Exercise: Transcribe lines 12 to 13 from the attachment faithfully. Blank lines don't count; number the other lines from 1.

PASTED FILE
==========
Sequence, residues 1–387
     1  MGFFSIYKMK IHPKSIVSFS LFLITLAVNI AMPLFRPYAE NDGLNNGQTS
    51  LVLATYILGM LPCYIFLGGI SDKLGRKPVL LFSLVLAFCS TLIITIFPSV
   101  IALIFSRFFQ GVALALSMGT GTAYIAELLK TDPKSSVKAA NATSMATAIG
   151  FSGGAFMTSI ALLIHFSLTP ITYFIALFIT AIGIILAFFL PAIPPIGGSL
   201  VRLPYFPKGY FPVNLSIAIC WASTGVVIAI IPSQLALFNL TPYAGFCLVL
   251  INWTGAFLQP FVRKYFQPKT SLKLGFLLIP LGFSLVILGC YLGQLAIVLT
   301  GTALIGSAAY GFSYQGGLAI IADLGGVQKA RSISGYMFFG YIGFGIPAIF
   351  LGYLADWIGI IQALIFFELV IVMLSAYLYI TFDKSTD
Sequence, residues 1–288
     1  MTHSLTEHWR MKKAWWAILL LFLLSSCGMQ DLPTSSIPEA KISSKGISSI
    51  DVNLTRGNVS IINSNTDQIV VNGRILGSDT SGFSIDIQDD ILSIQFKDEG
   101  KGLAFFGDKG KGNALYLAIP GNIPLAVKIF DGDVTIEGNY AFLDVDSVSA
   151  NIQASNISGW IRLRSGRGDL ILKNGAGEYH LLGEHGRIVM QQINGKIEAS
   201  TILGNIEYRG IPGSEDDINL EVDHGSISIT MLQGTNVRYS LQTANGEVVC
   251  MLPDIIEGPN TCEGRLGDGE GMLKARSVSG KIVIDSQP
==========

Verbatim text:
    51  DVNLTRGNVS IINSNTDQIV VNGRILGSDT SGFSIDIQDD ILSIQFKDEG
   101  KGLAFFGDKG KGNALYLAIP GNIPLAVKIF DGDVTIEGNY AFLDVDSVSA